Artistic Director Jonathan Pell Venice Part I

by Megan Meister

I must have brought the Dallas weather with me—it is supposed to be close to 90 degrees today, and it rarely gets that hot so early in July.  The Adriatic coast of Italy is ill-equipped to cope with such heat and few buildings are air-conditioned.

I never thought I would say that the burning of the Teatro fenice in Venice was anything but a tragedy, but when the opera house (which originally opened in 1792) was rebuilt, air-conditioning was included in the construction plans.  I am very grateful.

Last night was a performance of Bizet’s CARMEN, staged by the notorious Catalan director Calixto Bieto.  Renowned (notorious, perhaps) for his brutal, violent and overtly sexual productions, this CARMEN was no exception.  The curtain rose on an essentially bare stage, which only had a pay telephone box stage right and a flag pole stage center.

If there had been any doubt about the Freudian significance of the flag pole, at the end of the first act a naked woman was hoisted up the pole while being sexually attacked by the garrison of soldiers.

At the introduction of the fate motif in the prelude, a fat old man appeared, apparently drunk and trying to perform a magic trick with a red silk handkerchief.  Was this the old “Don Jose” remembering his ill-fated love of the gypsy girl Carmen?

No, it later turns out to be the innkeeper, Lillas Pastia.

In Act II the stage was completely bare and an old Mercedes-Benz was rolled onto the stage?  Had the car broken down on the way to Lillias Pastia’s Inn?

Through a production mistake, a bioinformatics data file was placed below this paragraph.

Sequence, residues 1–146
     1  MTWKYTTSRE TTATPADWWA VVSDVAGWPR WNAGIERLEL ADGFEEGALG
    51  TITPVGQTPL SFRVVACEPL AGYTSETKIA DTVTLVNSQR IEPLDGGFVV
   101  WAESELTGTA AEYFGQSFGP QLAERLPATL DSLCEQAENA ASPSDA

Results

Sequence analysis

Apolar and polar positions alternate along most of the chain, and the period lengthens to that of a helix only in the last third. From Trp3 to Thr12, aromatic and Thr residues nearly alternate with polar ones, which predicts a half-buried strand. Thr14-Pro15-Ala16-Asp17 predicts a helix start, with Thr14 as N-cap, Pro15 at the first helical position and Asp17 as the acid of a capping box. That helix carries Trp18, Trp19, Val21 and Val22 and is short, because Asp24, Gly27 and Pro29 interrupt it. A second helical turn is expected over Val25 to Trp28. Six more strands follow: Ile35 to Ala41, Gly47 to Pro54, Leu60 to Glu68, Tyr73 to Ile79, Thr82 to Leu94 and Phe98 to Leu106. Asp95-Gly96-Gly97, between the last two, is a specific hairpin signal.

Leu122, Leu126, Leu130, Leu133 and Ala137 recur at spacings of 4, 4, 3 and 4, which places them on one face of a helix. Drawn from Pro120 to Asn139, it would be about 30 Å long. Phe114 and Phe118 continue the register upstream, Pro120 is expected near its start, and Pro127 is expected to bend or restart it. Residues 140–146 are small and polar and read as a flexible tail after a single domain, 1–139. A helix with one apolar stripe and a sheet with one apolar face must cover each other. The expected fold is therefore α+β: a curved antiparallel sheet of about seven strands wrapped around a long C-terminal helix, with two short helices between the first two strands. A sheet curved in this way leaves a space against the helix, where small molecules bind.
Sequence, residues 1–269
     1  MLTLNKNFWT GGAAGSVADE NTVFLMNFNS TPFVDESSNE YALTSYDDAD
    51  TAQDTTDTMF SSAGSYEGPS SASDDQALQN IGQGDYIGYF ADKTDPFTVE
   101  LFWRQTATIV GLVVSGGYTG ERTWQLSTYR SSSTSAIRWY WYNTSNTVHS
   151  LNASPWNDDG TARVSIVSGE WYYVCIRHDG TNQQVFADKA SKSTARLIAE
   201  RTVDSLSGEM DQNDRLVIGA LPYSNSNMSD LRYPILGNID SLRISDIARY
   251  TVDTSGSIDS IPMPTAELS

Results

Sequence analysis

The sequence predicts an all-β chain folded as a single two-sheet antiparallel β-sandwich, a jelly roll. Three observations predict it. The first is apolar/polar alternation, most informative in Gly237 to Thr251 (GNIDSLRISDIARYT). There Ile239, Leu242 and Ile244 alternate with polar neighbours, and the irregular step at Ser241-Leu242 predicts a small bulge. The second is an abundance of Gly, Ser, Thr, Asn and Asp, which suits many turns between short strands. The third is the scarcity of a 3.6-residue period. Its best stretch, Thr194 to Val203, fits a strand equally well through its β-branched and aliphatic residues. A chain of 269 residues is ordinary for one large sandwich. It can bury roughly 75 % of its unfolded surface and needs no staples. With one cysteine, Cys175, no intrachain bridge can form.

There were graphically depicted sexual acts during the pulsating gypsy dance at the beginning of this act performed on and around the car.  I am sure that this had some profound meaning (after all, one of Carmen’s friends is named Mercedes) but it eluded me.

Most of the singing didn’t make up for the vulgar staging, with the exception of the charismatic Russian bass, Alexander Vinogradov, as Escamillo.  The Carmen and Don Jose, French mezzo-soprano Beatrice Uria-Monzon and Italian tenor Stefano Secco, each had effective moments, particularly in the final confrontation on a completely bare stage within a chalk circle that had been laid down for them by (once again) Lillas Pastia.

Say what one will about director Calixto Bieto, he certainly knows how to create (and escalate) dramatic tension on the stage.

All of this might have been excruciating to sit through, though, if it hadn’t been for the exciting conducting of Omer Meir Wellber, the Teatro la fenice’s young music director.  He really knows how to shape the score and build excitement musically and dramatically.  There was one moment at the end of Act III where the chorus seemed to lose contact with the pit, but he somehow managed to get everyone back together.

Tonight he will conduct Donizetti’s L’ELISIR D’AMORE, and I look forward to hearing what he does with this effervescent score, in many ways, the diametric opposite of CARMEN.

The chandelier of the restored Teatro la fenice in Venice, still the most opulent opera house in the world.

View of the stage from the palco reale (Royal Box) of the Teatro la fenice.

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